Clark Takes New Approach With Maxus

Dec 17, 2008  •  Post A Comment

Kelly Clark is working on something new and different.
After running GroupM’s Europe business, Mr. Clark has returned to the U.S. as worldwide CEO of Maxus, the WPP unit’s fourth media agency network.
Maxus is designed to help the company increase its market share while taking a very different approach from GroupM’s other, better-established media networks Mindshare, MediaCom and Mediaedge:cia.
Those differences will show up in the product it offers to clients and in its approach to geography, Mr. Clark said, although at this point it’s still a work in progress.
The basic idea is to create an organization that concentrates on strategy and digital approaches to marketing that can avoid building its own infrastructure by taking advantage of the scale of GroupM’s resources.
“I don’t have all the answers yet,” Mr. Clark said. “But suffice it to say, it will be focused more on the strategic end of the business, still implementing very successfully for clients through the power and resources of GroupM, but our focus is going to be more on those strategic skills with a very hard digital edge.”
He also said the agency won’t aim to have 100 offices in 90 countries like other networks.
“We think there’s an opportunity to have a network that’s focused more on the top 25 to 30 markets,” he said. “We think there is a tier of advertisers if you can deliver the right type of service in the top 20 to 30 markets and rely on the infrastructure of GroupM in other markets.”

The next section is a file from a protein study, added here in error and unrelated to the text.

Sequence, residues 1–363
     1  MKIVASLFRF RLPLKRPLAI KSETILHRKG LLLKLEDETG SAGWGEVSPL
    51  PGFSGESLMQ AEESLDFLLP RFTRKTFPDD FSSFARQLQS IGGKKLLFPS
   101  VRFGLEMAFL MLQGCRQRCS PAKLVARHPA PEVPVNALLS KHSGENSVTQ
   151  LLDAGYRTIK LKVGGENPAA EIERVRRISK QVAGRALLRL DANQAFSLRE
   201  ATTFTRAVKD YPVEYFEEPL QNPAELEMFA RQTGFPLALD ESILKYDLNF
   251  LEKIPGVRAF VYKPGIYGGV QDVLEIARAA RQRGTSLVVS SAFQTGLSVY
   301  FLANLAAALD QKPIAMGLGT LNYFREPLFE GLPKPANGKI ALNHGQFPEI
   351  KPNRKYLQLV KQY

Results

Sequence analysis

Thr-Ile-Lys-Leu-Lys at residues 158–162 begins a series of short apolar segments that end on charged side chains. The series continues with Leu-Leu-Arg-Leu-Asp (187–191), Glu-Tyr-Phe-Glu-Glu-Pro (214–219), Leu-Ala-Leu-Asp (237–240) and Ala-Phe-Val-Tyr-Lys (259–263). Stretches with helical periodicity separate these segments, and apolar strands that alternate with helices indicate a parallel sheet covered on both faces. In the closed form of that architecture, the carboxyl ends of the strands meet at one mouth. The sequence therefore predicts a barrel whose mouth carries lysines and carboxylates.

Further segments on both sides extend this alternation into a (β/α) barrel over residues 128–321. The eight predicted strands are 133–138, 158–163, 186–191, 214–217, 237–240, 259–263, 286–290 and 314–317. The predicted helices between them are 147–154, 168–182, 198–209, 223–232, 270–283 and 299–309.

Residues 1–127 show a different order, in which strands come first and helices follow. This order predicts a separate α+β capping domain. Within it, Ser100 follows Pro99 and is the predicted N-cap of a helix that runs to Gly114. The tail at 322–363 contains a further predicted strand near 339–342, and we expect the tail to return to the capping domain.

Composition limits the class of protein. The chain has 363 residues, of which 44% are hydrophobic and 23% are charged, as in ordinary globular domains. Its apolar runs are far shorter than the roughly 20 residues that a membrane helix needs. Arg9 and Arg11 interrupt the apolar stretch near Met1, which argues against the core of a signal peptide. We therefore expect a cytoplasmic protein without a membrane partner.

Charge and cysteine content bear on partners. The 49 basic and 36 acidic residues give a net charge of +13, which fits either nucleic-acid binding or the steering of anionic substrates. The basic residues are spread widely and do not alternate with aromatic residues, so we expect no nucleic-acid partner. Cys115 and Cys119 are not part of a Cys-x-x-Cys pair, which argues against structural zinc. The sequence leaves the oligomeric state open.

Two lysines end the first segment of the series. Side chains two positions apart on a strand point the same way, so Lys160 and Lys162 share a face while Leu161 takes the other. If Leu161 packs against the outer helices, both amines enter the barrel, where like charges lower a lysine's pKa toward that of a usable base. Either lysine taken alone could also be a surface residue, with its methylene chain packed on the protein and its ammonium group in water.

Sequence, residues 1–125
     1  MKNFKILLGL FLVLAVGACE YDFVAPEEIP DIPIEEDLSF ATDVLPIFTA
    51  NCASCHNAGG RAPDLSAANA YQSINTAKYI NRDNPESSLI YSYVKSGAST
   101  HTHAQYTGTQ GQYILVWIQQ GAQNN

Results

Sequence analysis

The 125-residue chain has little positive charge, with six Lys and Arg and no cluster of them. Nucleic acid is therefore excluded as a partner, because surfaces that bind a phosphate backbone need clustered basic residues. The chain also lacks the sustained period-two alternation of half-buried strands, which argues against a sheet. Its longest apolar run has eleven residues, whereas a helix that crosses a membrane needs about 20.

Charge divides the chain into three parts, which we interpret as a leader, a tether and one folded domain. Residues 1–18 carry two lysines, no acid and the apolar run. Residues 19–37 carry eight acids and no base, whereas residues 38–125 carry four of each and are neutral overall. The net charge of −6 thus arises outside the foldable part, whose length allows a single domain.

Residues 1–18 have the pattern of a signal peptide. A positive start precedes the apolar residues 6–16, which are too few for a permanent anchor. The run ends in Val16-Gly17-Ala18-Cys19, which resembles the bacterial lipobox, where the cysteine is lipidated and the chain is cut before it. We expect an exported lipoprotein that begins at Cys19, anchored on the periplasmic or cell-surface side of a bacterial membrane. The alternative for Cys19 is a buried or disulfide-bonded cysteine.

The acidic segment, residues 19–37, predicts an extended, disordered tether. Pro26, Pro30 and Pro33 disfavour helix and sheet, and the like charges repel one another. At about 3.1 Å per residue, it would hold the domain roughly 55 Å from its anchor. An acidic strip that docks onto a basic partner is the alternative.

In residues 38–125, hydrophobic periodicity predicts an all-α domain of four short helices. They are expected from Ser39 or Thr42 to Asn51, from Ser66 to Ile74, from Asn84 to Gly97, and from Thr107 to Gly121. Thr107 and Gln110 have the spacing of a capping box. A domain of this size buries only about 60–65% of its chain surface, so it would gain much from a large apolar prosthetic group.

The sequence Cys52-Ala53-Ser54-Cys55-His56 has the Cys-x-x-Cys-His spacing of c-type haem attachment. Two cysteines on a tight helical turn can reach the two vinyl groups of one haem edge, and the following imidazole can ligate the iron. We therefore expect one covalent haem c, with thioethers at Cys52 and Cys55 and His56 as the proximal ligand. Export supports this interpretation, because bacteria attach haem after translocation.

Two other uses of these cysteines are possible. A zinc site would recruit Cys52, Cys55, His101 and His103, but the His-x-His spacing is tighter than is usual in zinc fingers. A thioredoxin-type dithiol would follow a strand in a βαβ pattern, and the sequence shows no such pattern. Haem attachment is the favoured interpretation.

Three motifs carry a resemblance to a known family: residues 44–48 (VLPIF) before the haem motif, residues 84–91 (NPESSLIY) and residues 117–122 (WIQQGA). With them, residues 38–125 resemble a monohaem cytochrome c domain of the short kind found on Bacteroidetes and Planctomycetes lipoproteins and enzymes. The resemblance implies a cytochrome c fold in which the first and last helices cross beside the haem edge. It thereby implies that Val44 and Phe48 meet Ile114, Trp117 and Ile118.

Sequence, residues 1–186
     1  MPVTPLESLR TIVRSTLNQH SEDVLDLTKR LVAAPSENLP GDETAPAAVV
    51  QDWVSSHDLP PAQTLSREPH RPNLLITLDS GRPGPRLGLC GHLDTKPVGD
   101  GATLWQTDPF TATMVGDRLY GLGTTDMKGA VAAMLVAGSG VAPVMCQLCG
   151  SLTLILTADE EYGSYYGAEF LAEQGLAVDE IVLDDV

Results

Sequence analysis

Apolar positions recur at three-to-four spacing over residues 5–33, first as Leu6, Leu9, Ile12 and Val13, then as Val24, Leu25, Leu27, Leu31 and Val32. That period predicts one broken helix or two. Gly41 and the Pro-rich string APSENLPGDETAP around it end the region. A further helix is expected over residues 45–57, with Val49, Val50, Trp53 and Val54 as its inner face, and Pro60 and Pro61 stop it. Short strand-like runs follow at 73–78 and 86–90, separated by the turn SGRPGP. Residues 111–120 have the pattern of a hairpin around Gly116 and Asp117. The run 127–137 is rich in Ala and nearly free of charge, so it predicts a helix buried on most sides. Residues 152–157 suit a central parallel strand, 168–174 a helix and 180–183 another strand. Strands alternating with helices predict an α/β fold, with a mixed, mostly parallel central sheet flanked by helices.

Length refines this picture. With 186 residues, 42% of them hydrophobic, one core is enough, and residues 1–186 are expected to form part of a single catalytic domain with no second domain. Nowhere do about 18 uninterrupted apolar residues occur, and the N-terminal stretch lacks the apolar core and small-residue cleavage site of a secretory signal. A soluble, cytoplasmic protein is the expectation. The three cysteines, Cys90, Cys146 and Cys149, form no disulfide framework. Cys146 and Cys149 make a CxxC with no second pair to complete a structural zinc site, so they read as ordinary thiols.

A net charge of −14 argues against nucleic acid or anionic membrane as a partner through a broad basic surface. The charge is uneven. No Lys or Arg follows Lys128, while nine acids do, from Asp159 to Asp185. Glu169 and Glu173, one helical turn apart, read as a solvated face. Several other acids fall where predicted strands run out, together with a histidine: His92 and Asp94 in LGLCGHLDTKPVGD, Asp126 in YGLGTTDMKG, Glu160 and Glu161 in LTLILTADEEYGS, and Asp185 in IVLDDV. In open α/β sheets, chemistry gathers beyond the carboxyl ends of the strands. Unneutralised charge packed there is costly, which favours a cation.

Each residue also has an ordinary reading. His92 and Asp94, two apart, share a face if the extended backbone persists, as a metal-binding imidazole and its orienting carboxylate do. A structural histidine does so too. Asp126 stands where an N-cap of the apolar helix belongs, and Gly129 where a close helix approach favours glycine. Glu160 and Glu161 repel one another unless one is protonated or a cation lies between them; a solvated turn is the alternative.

Maxus’ clients include Church & Dwight, Miramax, T. Rowe Price, Netflix and Cellular South.
When it’s time for a client to buy network television, Maxus looks for a team at one of the GroupM agencies that can handle the transaction. The buyer has to be free of conflict with another client in the same industry; having particular expertise, such as targeting children’s audiences or moms, is a plus.
“Clients have told us they want us to use the scale we have accumulated as GroupM to get them better access and, in markets that are volume-led at an agency level, get them better prices. Get them better investments in research and planning and buying tools,” Mr. Clark said. “So we’re going to use GroupM shamelessly to do that so we can free up investment monies to focus on the more strategic and digital elements of the business.”
Mr. Clark said this approach is a solution to the challenge a lot of agencies face in “finding the way to balance the huge investments we need to make in systems and research and people on the execution side of our business, while at the same time investing in the strategic and future-facing parts of the business in digital and data.”
Mr. Clark has traveled a long road to get to this point.
He was born in Asheboro, N.C., just south of Greensboro.
He went to the University of North Carolina in Chapel Hill not sure of what he wanted to do.
“I had a real liberal-arts mixture of classes that I took throughout college, so I looked at banking. I looked at consulting. I looked at public relations,” he said.
But he was captured by J. Walter Thompson.
“At that time, they had a great reputation for college recruitment and a great entry-level training program, which really sold me on JWT,” he said. “I’ve been with WPP ever since.”